Comments OffPosted in Games & PlayAug 23, 2012
A blog by Lukas Roper, about his experiences of being on an internship at FluffyLogic.
When joining FluffyLogic during September 2011, I was both intrigued and nervous as to what my first taste of the games industry was going to offer. After two years of my degree at the University of the West of England, I wondered how my skills would translate into the real world. After six months I can safely say, I had nothing to worry about!
When I joined I was made to feel welcome, with a very solid group of people, which made integrating with the existing group much easier. This was a relief as I had no idea what to expect!
I was then given some simple work to begin with, just given the task to look at the code base for UrZoo and try to understand how it all works. This was very daunting, my first thought was “so many classes!” After looking it over I was then given some reasonably simple tasks to break me in.
Doing this work was when I learned my first real lesson, learning what level of technical detail people other than programmers have. With my university colleges, I could use certain technical jargon to convey a problem, due to us all sharing a similar knowledge from what we’d been taught. What was interesting for me was when saying to artists I have a problem with this, I needed to find what was wrong and convey it in a clear way with a lot less programming jargon. Improving my communication skills was key to being able to do this effectively.
Work than gradually ramped up in difficulty, as I was given tougher work. I started being given my own projects and tasks. This was good as I was able to learn more from each task and some tasks would help to improve certain weaknesses and if I did anything too badly, I would be told what was wrong and how to improve it. My coding skills have definitely increased from this placement.
I’ve also generally learned a few things about the industry that are useful for me to practice in my own time. I’ve learned that mobile gaming is far too important to be ignored, so I’ve spent some time learning Objective-C, to give me another potential avenue in to the mobile market. I’ve also learned from colleagues how good Unity is, so I’ve spent some of my own time practising that. These pointers shall hopefully increase my employability chances.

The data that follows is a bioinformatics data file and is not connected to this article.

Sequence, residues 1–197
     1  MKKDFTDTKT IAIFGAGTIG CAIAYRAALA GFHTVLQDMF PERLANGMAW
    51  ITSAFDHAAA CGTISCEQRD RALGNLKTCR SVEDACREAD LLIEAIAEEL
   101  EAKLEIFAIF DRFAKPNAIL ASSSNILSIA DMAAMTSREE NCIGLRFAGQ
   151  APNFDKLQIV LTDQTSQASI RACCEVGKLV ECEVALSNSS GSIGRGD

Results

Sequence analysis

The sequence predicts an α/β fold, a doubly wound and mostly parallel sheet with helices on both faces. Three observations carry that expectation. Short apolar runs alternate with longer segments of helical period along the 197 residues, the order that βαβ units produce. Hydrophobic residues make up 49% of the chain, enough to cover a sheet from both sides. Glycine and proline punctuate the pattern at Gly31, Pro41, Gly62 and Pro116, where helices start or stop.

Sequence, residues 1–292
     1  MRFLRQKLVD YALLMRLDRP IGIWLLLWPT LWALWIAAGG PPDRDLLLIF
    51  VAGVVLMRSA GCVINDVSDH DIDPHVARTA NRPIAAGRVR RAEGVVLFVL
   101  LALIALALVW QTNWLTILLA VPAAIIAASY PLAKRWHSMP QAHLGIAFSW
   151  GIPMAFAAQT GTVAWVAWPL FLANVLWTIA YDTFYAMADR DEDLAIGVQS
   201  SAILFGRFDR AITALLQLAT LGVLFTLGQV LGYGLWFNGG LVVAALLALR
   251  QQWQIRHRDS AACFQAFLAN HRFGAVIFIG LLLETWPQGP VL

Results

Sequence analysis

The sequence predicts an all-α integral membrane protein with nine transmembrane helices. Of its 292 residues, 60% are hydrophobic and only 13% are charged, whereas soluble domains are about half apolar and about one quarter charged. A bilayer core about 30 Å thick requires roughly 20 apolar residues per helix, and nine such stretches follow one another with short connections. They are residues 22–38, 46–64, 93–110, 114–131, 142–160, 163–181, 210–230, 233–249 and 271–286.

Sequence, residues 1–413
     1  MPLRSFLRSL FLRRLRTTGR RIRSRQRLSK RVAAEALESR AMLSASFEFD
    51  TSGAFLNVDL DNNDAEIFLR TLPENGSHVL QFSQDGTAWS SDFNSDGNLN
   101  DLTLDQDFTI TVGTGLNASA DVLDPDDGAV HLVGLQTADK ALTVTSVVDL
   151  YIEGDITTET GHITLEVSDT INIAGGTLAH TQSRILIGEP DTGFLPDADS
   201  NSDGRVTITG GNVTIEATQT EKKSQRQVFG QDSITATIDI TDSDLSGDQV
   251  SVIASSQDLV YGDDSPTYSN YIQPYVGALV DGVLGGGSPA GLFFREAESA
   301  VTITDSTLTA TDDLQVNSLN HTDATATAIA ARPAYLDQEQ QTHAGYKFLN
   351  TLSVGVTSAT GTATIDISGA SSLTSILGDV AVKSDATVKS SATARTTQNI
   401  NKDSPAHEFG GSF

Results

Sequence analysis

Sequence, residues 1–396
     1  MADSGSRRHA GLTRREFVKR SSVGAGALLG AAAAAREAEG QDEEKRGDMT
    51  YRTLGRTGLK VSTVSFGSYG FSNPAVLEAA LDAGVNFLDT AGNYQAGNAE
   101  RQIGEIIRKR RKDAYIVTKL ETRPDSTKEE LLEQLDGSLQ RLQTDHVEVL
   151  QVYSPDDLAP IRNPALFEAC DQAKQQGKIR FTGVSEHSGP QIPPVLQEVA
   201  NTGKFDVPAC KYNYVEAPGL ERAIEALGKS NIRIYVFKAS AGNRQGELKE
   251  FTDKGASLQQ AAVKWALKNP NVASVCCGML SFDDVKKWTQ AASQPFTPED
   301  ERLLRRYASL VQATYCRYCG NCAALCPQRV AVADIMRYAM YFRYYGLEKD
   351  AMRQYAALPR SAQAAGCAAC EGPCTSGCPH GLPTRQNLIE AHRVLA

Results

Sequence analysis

I’ve finished my internship and would definitely say an internship should be pursued whether that’s at FluffyLogic or at another studio. The benefits both to myself and my employment opportunities have been very high. I do feel like a valued employee at the company so it has increased my confidence in my abilities greatly. I’d like to take this opportunity to thank everyone at FluffyLogic for the opportunity.
On Monday 12th March BBC Radio Bristol interviewed FluffyLogic CEO Ana Kronschnabl on the John Darvall show. In the interview Ana discusses amongst other things, the history of FluffyLogic, her background as a research fellow and film maker, and the future of the traditional boxed computer game in light of the recent news of the financial difficulties facing Game, the high street chain.
You can listen to the radio show on the BBC iPlayer here: http://www.bbc.co.uk/programmes/p00pdw9l
Comments OffPosted in Games & PlayOct 17, 2011
One of the earliest challenges came in deciding which foods the animals would eat. It was clear that they couldn’t have their real diets since this would complicate the game unneccessarily, not to mention leave us with an unmanagably large number of food types! At the same time, whilst it was obvious I would have to take some liberties with reality, it would be nice to get each animal eating at least one food that it would really eat.
After much cross-referencing with wikipedia and various other webpages, I managed to come up with a list of 20 foods that would give each animal at least one food they would really eat. A further food type was added for convenience, which all animals would be content with and thus allow the player to quickly get all their animals full up again before getting back into all the individual micro-managing.
Later on down the line, this would aid in solving a problem that had been looming for a while – namely, the introduction of strategy.
The problem from the beginning has been in our attempt to make UrZoo a game with something for everyone. A noble goal to be sure, but how to cater for the more casual player as well as a keen strategist was a puzzle to say the least. A breakthrough came when I split the foods up into different food groups. By then splitting the animals up in a similar way according to the different food groups, I was able to solve the initial problem and introduce a further level of depth all at the same time. Of course, it isn’t as simple as each animal being linked to a corresponding food group, but you’ll have to play to find that out for yourselves =).
By creating the groupings I had, I was now able to accomodate players that would want to play for varying amounts of time (e.g. a longer time in one sitting, or a short burst every now and then) thus making it easy to play casually, whilst also containing a layer of strategy which a keen player could exploit to their advantage. Success!
Of course, there was much more to consider besides what the animals would eat, but you’re just going to have to wait and see what else is in store when the game is released =).